Ackerman Angle – Term given to a positioning of the wheels that cuts down on the risk of slipping when navigating a vehicle around turns; also called toe-out turns, the angle is defined as a preset difference between the turning angle of an inside wheel and an outside wheel. It was developed by a German engineer in 1817 for horse carriages and is named after the man who patented it
Add-a-Leaf – A way to lift an off-road vehicle; it can be done to vehicles that feature leaf springs, a spring that is curved and clamped on one end; with add-a-leaf an extra leaf spring is installed in the existing setup, making a vehicle higher
Amp Draw – Measure of how much energy a specific part draws from the battery; necessary for determining how long you can run LED lights, other automotive lighting, and other accessories when the battery is on but the engine is off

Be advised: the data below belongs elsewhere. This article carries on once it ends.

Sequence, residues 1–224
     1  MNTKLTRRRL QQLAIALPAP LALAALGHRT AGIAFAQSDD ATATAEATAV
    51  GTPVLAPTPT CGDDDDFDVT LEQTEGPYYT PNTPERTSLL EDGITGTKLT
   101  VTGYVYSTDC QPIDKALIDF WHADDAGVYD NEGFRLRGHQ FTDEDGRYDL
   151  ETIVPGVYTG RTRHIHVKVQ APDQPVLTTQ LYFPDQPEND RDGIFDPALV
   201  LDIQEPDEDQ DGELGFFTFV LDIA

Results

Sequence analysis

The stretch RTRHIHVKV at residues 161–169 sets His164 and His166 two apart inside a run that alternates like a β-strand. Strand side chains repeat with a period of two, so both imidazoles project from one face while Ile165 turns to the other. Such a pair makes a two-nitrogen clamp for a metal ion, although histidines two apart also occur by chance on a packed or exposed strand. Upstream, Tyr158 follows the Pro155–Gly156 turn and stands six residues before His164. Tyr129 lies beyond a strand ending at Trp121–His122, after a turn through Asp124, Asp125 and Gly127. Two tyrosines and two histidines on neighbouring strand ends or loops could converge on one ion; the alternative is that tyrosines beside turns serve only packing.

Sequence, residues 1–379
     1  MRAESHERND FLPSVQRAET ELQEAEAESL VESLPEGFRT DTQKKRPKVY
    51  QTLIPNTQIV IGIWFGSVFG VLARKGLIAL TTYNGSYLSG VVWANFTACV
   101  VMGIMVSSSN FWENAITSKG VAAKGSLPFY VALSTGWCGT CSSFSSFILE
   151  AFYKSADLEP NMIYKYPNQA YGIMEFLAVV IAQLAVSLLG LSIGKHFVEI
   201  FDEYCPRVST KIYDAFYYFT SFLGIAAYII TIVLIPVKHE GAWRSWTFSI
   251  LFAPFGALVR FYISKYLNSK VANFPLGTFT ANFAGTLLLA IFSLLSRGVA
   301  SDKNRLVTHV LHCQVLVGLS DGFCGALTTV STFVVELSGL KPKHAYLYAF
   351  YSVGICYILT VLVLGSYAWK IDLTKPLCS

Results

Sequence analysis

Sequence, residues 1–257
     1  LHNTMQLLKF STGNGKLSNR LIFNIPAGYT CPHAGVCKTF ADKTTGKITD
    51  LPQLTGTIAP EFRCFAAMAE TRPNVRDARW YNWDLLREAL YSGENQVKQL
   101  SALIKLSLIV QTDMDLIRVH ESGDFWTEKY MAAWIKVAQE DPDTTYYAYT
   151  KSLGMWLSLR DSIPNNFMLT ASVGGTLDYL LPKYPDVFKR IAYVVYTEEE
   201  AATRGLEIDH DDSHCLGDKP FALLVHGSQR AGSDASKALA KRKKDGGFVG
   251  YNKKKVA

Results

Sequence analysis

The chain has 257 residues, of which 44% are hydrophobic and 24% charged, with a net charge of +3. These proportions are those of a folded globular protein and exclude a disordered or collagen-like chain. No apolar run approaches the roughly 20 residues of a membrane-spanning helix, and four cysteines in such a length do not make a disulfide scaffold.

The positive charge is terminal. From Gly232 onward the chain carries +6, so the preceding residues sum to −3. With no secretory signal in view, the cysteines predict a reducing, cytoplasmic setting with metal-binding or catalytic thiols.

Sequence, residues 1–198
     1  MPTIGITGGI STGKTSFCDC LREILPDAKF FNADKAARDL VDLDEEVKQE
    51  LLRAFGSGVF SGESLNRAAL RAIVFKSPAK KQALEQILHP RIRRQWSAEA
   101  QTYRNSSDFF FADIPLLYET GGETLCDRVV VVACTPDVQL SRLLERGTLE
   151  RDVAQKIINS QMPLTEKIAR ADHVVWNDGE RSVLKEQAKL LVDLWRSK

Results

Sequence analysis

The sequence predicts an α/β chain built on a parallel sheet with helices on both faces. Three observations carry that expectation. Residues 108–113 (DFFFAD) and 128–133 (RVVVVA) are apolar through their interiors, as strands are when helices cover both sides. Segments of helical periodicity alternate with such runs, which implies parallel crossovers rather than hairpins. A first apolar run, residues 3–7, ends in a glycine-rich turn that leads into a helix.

Approach Angle – Measure of the steepest incline that an off road vehicle can travel without any of its parts besides the tires striking, rubbing, or otherwise touching the ground. Lift kits can be used to increase the approach angle, so that vehicles can travel over steeper terrains without suffering damage
Articulation – Measure of how much compression and drooping a suspension can withstand when you’re driving; when articulation is adequate, you enjoy a smoother ride over difficult terrain
Bead Lock – Method of keeping tires affixed to rims when you’re traveling on difficult terrains; consists of a series of metal rings that travel around the rim and act as clamps; can be used on any off road vehicle, but is especially popular on vehicles being driven on rocky terrains with low tire pressure
Bed Bar – Off road accessory usually made out of tubular steel; is clamped, bolted, or welded onto a truck bed for enhancing the appearance of a vehicle or for securing an LED light bar, spotlights, or floodlights